America has enemies who would rejoice if the US were to forsake its role as provider of hegemonic order. It also has friends and allies who would be glad to embrace a ‘multilateral’ America – not realizing that America has something else in mind, or perhaps realizing it, but still on multilateral-autopilot. But where is Aron? Where is Raymond Aron? Or for that matter, De Gaulle? What would they say? You can trust an America that is mostly about its interests, a little about its ideals, even if you have to denounce it sometimes as a unilateralist in order to keep it and you in the game; you can trust an America that undiplomatically, rudely even, declares its interests and its ideals, puts them first, and invites others to go along with it; multilateralism is great if it means you can have some influence on the plans of America, but only if you can still trust that America plans to carry out its plans because they’re still its rather than yours. An America that suddenly wants to work the hardest, most intractable, hard-realism problems through the UN? What is this? An America that believes that the multilateral processes of the Security Council are the right way to pursue foreign policy because those processes treat the US as just another of the big boys in the world? The biggest, sure, indispensable, even, if you want to play the flatterer, but that’s neither here nor there – hey, we’re just another player in the game, everybody, even if we’re big or even the biggest, hey, we’re just another player. What would Aron say to that?

It is, after all, what the UN theorists always saw as the proper role for America – all that marvelous power, hard and soft, at the disposal of global institutions, the power of a mighty sovereign infused into and transformed by the legitimacy of an international institution, a global constitutional order with teeth at long last. It is a beautiful dream, power and legitimacy that equal authority. But, just as with Nato, it does not work that way. No. Friends, allies, even countries that do not much like the US but rely on it for a certain amount of order, both economic and security: be wary, O world, of an America that promises a smiling multilateralism.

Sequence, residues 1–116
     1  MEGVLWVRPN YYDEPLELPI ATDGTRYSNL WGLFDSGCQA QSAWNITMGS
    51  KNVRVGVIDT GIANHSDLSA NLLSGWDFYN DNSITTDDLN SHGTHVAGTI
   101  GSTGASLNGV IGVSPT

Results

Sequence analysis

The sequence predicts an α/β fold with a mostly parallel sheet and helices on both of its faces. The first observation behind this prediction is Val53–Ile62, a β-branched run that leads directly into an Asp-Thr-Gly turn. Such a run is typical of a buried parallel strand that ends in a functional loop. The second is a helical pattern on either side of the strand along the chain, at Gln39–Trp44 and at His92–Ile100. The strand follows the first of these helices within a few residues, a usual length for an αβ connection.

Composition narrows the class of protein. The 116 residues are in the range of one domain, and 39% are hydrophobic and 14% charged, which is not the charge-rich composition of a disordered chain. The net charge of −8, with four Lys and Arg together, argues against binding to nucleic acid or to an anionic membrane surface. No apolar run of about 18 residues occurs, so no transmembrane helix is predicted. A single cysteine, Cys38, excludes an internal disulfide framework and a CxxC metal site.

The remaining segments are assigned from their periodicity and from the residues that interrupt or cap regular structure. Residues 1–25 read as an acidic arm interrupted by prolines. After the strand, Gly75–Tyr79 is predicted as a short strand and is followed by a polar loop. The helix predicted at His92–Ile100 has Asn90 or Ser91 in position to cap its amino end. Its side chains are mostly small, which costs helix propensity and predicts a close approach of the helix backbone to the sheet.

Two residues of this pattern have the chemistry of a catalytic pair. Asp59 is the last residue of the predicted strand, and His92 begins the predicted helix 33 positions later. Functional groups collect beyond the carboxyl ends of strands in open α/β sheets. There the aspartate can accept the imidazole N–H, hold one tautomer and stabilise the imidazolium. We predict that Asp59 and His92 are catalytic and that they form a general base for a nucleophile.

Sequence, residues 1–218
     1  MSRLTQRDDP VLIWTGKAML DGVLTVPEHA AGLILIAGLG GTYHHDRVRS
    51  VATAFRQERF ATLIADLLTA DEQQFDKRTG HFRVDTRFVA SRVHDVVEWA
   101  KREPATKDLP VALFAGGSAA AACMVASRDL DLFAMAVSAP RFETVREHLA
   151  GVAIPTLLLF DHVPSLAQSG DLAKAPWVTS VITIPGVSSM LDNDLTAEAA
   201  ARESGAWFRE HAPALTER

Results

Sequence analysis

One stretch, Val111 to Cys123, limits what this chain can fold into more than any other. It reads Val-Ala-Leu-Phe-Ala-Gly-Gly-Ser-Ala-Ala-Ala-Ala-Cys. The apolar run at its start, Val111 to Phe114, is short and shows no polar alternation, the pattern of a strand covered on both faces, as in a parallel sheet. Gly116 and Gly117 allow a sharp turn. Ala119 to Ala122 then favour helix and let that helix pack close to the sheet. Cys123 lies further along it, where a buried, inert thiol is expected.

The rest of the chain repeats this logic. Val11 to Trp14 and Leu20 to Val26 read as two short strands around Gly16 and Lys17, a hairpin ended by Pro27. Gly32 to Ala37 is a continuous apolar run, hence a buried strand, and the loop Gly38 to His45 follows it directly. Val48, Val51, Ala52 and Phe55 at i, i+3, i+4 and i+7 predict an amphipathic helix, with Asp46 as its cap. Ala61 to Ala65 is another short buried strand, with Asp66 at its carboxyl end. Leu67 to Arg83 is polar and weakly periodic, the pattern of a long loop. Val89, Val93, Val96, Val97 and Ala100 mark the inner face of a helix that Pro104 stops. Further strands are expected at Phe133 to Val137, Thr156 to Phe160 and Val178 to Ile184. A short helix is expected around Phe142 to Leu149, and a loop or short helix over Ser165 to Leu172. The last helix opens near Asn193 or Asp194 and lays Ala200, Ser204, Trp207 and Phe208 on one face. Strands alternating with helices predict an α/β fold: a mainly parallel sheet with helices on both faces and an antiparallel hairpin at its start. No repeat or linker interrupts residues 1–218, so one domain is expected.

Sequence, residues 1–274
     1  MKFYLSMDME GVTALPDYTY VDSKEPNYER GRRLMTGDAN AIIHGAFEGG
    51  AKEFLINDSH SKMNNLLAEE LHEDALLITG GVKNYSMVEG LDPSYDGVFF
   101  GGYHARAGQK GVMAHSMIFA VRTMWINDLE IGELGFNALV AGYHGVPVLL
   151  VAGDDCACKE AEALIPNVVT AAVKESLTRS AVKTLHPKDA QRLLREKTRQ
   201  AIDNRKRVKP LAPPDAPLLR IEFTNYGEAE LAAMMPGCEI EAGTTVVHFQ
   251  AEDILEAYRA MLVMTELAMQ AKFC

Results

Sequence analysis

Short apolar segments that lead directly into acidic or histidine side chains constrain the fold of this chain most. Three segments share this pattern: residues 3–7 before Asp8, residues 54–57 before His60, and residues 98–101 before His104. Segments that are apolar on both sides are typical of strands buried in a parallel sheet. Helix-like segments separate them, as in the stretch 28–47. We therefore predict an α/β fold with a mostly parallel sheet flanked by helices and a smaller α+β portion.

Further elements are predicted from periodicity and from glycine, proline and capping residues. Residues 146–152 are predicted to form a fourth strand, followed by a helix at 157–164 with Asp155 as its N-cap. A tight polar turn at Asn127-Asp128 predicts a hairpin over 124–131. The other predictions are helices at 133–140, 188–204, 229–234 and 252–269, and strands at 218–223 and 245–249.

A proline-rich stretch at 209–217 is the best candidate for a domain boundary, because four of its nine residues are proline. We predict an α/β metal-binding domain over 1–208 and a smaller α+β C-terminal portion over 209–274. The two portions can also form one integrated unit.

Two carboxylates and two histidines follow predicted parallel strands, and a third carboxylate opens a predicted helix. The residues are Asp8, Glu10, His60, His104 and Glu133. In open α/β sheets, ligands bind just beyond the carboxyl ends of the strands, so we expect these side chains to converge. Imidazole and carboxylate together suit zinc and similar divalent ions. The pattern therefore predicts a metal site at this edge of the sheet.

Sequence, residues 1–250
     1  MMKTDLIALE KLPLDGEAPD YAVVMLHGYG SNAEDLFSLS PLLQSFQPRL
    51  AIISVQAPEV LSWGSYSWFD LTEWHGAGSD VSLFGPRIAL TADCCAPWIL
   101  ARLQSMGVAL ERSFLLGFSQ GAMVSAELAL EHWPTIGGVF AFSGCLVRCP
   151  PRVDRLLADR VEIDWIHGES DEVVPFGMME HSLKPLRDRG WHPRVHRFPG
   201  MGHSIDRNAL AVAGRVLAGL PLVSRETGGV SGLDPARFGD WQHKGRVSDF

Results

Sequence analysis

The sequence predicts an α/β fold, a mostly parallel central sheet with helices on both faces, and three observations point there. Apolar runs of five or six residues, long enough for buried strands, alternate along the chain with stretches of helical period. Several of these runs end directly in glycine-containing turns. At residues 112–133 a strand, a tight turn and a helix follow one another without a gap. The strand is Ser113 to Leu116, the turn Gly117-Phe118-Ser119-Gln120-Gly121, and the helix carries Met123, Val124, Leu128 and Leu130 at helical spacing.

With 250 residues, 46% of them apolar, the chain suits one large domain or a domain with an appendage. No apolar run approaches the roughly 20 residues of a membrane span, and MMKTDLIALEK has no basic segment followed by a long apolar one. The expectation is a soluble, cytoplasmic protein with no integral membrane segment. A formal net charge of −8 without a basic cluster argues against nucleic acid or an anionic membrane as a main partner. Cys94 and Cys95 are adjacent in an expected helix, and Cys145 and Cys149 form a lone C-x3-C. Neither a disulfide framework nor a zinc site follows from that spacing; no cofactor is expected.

Perhaps it is sincere. But perhaps it is not. Is the uncertainty killing you yet? But we’re all multilateralists now, we mean our global promises, just like you – don’t you? Perhaps America has grown tired of its global responsibilities and just wants a good night kiss from its friends and allies and then a good rest, though what this might mean in a competitive, multipolar, rising-new-power, increasingly mercantilist-with-nukes world, who can know, but maybe we’re willing to give it a try. Perhaps it has decided to really join the legitimate global system of the UN and embrace governance through multilateral institutions after all, and perhaps it has decided, too, that it is less effort to do what others do, multilateralism as others do it, to engage in insincere promises and toss hard things to the UN, to the Security Council, to institutions that will allow America to focus on its fiscal problems and unemployment and education and health care and social security: the President is available for speeches in the larger foreign capitals, particularly those holding large amounts of US Treasury debt, and anyway, he already did Berlin, watch it on Youtube, but as for Iranian nukes and North Korean missiles, Russian expansionism and natural gas blackmail, Chinese protection for Sudan in the Security Council and the always-present question of war in the Taiwan straits, the collapse of Eastern European economies, Mexico-the-narco-failed-state and the rise of Britain-exporter-of-global-jihad, and the ever-imminent war between India and Pakistan that constantly risks, against all our multilateral hopes and dreams, reversion to its six-decade mean, well, remember, we’re multilateralists now, and the US is a good global player, a team player in the big leagues of multilateralism, and if the US acted like a bully, wouldn’t everyone just hate us, and haven’t we had enough of the hate?